Loneliness in Leadership

Building connections with other leaders

Woman seated alone on a dock.

As leaders it is common to experience loneliness. We spend our energy pouring out: vision casting, mentoring, developing partnerships, and caring for those with whom we are in community with. A large majority of our time can be spent with people in contexts where we are in a position of making decisions, creating the agenda, and answering the big questions like “where are we headed.” 

Loneliness in leadership is not a new concept; in fact, there are many resources on the subject. Articles, books, and blogs give advice on how to lead an organization well by being prepared to be “lonely at the top.” Being a leader in ministry—often focusing on creating spaces of belonging and being known—does not make us immune to the loneliness of leadership.

In the spring of 2020 I was already feeling the weightiness of leading in a new ministry context. I was relatively new in my city and I had been giving significant energy to developing relationships, launching a new ministry initiative, and balancing being a full-time student. As maybe you experienced too, adding a global pandemic to the mix significantly exposed and exaggerated my feelings of loneliness. The leadership question of “where are we headed?” felt impossible to answer during the days and weeks when everything felt (and if I am honest still feels) unknown.

By the end of 2020 I was experiencing emotional burnout. I was tired, apathetic, and could feel my capacity shrinking due to undealt with grief. I started a “loss list” to record the numerous losses I felt disappointed by. My graduation was canceled; ministry dreams that were moving forward were abruptly put on hold. I couldn’t travel to attend my brother’s wedding; I said a heart-wrenching goodbye to my grandmother over Facetime instead of at her bedside. The losses of the year filled multiple pages of my journal, and there didn’t seem to be an end to the list in sight.

A cohort

When I was approached with the invitation to join the Seeds Project Fellowship I felt like I was being given a timely gift. The idea of joining a cohort of other leaders in unique contexts felt like something I had longed for but didn’t know how or where to look for. After the excitement settled, I began to feel nervousness enter my head. What do I have to contribute to this group when I am already feeling empty? Would this be another area of life where I am expected to pour out when what I really need is to be poured into?

Those nervous thoughts and concerns did not stay around for long. During our first virtual meeting together there was almost a felt communal exhale when the Seeds staff said to our group, “You are not here to perform. You are not here to have one more thing on your list of responsibilities. You are here to be poured into. We are here to serve you.” It was as if the nervous script running through my head was visible to the Seeds staff, and they knew exactly what to say to put my mind at ease.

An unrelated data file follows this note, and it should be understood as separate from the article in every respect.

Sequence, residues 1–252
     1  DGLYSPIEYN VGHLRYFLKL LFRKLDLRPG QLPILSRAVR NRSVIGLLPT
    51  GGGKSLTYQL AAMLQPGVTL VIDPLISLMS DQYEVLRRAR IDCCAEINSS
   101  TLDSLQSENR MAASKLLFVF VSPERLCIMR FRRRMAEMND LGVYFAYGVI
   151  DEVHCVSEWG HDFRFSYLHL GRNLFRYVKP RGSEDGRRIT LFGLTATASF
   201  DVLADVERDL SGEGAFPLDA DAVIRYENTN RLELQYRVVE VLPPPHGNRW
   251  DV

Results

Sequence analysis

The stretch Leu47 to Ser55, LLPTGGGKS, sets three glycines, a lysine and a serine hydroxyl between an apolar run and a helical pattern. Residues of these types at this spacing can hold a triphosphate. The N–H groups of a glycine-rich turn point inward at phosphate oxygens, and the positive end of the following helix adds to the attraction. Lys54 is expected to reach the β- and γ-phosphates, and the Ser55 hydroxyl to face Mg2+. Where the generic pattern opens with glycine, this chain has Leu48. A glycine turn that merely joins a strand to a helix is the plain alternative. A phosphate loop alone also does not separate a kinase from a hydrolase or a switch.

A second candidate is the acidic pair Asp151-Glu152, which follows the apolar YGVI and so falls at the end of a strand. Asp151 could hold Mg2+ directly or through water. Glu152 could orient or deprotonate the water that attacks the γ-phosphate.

Over the past eight months I have experienced a depth in relationships with other leaders like I have never known before thanks to the Seeds Project. Our cohort fellows have much in common and nothing in common all at the same time. We are all innovative leaders in spaces where there is no handbook to follow. Our communities look vastly different from each other, yet there is a bond we fellows share due to working in out-of-the-box initiatives.

I recently shared with my cohort the challenges I felt in regards to stalled movement in ministry due to COVID-19. With humility I posed the question to the group that I have been asked, and asked myself repeatedly, “Where do we go from here, and how do we restart post-pandemic?” During this conversation one Seeds staff member asked, “How do you feel about this challenge?” My answer was honest and simple, “I feel lonely.” What I then saw from my Zoom screen was fifteen or so little boxes with nodding heads and empathetic eyes. There was a shared understanding of the loneliness of grief and the loneliness we can feel in spaces of leadership. My friends and co-laborers understood my loss and joined me in grief. This has been a uniquely special gift I have received thanks to the Seeds Project Fellowship.

  • Aleah Nishizaki

    Aleah Nishizaki works in and with the Deaf community in Washington, DC and around the world. She has a degree in Deaf Studies from Gallaudet University and is passionate about addressing the barriers and obstacles marginalized peoples experience, especially with regard to accessibility within the church. Aleah has been married to her husband for eleven years and they have a beloved dog named Bella.

0 0 votes
Article Rating
Notify of

Inline Feedbacks
View all comments